(3) the records are directly connected with this purpose.

(d) This section does not affect:

(1) the right of a member to inspect records under Section 33-31-720 or, if the member is in litigation with the corporation, to the same extent as any other litigant; or

(2) the power of a court, independently of this chapter, to compel the production of corporate records for examination.

(e) The articles or bylaws of a religious corporation may limit or abolish the right of a member under this section to inspect and copy any corporate record.

---

See
https://www.scstatehouse.gov/code/t27c030.php
and
https://www.scstatehouse.gov/code/t33c031.php
RichardP13


Posts:0


08/14/2019 11:39 AM  
Laws in some of those southern states just don't make a lot of common sense. Wasn't it less that two months ago that a pregnant woman from a southern state was charged with manslaughter because someone shot her and the bullet killed the fetus.
JohnT38
(South Carolina)

Posts:130


08/14/2019 11:58 AM  
AugustinD,

If I'm reading this right, it means Tina can show residents the Reserve Study. The above info just means that she and the board are not obligated to do do. Is this correct?
AugustinD


Posts:2049


08/14/2019 7:55 PM  
Posted By JohnT38 on 08/14/2019 11:58 AM
The above info just means that she and the board are not obligated to do do. Is this correct?
John, I agree. (My wording could have been better.)
JohnC46
(South Carolina)

Posts:8877


08/15/2019 9:30 AM  
My BOD will show any owner, any document, contract, invoice, etc. that they ask for. But we are not mind readers. They have to ask for it.
FredS7
(Arizona)

Posts:916


08/15/2019 12:51 PM  
I can't understand why the board would NOT want members to see the reserve study.

I would post it on the HOA website, if it exists, and would consider emailing it to all owners.
GenoS
(Florida)

Posts:3364


08/15/2019 3:24 PM  
Posted By FredS7 on 08/15/2019 12:51 PM
I can't understand why the board would NOT want members to see the reserve study.

I can think of several. If the reserve study concludes contributions to the reserves need to be increased substantially, a board who doesn't want to increase assessments (for whatever reasons) might want to conceal that fact. A reserve study might bring up reserve components that are currently not being reserved for. A board might want to hide that information, too, lest they have to increase assessments. Those are just a couple of reasons. They're not "good" reasons, but not all boards are committed to doing the right thing.
JohnT38
(South Carolina)

Posts:130


08/15/2019 6:02 PM  
Geno, I am on the same board as Tina and can give you some background info. Our community is facing a serious financial crisis. Our roads are in terrible shape and it appears it will cost at least $800,000 to repave them. The large concrete pad around our pool is in such bad shape that it can't be pressure washed. The tennis courts are deplorable and the AC unit for the clubhouse is about to die. There are other problems as well. We have approximately $500,000 in reserves. No Reserve Study had been done for 7 years and the previous board did not use this information to plan accordingly. I've been here for two years so I can't give you any good reasons on why/how we got into this situation. I suspect that part of the problem is we are made up of older residents and many of them are on fixed incomes. From what I have been told they have strongly resisted any increases in their HOA fees. In addition, it is my opinion that the previous boards didn't want to face the problem head on and stuck their heads in the sand. Like I said, I am speculating based on what I've been told and what I have observed while on the board for the last year and a half.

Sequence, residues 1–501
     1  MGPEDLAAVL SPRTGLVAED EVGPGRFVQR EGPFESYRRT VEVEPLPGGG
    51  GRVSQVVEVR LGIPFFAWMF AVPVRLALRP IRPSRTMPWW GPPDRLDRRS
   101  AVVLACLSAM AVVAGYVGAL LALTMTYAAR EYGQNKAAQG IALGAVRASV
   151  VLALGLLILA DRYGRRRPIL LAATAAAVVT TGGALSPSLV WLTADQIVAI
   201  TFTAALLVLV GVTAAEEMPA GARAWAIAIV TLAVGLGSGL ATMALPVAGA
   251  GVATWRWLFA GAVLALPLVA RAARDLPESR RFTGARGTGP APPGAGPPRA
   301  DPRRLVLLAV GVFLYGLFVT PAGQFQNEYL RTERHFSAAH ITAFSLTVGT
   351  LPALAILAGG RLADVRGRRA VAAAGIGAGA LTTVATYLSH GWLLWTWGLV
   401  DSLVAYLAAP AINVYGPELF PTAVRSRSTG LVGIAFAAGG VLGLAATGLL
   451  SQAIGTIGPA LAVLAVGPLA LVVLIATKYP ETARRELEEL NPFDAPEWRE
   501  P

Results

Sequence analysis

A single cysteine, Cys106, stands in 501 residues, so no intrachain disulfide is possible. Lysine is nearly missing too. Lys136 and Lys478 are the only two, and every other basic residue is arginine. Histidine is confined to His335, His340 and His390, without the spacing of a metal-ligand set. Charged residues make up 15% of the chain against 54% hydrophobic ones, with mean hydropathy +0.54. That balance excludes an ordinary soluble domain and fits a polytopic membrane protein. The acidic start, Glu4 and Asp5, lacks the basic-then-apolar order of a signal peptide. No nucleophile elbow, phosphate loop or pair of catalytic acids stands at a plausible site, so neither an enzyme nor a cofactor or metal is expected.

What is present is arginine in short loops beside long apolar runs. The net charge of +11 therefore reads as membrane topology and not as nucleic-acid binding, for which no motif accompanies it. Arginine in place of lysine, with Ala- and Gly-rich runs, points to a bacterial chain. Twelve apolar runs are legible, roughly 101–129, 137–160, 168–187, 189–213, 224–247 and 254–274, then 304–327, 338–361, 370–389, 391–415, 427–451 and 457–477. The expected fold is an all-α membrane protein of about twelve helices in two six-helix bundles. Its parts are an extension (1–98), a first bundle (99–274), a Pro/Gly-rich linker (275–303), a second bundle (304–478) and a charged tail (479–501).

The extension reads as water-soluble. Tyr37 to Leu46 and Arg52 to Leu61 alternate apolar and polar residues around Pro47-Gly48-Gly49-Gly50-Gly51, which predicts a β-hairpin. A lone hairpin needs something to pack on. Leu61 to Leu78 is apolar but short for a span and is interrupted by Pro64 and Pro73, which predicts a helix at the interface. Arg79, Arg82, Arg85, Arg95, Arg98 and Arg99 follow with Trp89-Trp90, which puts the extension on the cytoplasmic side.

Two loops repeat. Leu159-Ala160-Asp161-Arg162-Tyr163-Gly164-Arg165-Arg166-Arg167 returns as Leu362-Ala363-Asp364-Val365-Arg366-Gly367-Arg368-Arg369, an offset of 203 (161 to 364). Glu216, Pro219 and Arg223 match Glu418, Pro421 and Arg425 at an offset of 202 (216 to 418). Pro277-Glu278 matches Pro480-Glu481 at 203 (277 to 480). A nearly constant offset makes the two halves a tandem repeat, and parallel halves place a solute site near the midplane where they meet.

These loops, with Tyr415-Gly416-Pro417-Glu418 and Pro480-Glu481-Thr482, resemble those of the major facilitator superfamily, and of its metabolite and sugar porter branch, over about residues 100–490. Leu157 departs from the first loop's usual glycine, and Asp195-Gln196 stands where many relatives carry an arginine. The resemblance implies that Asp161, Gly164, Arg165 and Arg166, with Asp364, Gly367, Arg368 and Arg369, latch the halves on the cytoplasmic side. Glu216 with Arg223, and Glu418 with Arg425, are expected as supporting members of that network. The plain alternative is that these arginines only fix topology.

The current board got a new Reserve Study done and it was no surprise that it confirmed we are seriously underfunded. Now that we have this document to help justify how bad things are, we would like to share this information with all residents. Part of our plan is to try and hold a couple of meetings, and send out updates via email, to communicate with the community. Before the next annual meeting is held we want to make sure that everyone is fully informed and that we've done our part to prepare them for what's to come. That is the reason that Tina is asking about sharing the Reserve Study. It is part of our attempt to be transparent and informative about what is going on.
AugustinD


Posts:2049


08/15/2019 7:16 PM  
John, gosh yes, this is one of the best reasons to share the reserve study (or a capsule summary of it): So people understand why the assessment has to go up or why a large special assessment is necessary. Of course, the board that does this might get canned at the next election. But do it you must.
GenoS
(Florida)

Posts:3364


08/15/2019 10:35 PM  
Posted By JohnT38 on 08/15/2019 6:02 PM
I suspect that part of the problem is we are made up of older residents and many of them are on fixed incomes. From what I have been told they have strongly resisted any increases in their HOA fees. In addition, it is my opinion that the previous boards didn't want to face the problem head on and stuck their heads in the sand. Like I said, I am speculating based on what I've been told and what I have observed while on the board for the last year and a half.

I understand. I've said it before and I'll say it again: your HOA and mine could be twins.

80% of our reserve requirements are for the re-roofing and re-painting of the 100 homes. A $12,000 roof that lasts for 15 years comes out to about $66 per month. A $3,200 exterior paint job that lasts for 8 years is about $33 a month. $100 total. The HOA has NEVER put away anything near that amount in the last 11 years. Finally, this year, the board agreed to $100 per month per home for reserve contributions. The reaction was such that you'd think we were stealing money from peoples' grandkids. Boards for years have been most reluctant to even make the effort to grasp the problem, never mind take steps to head it off.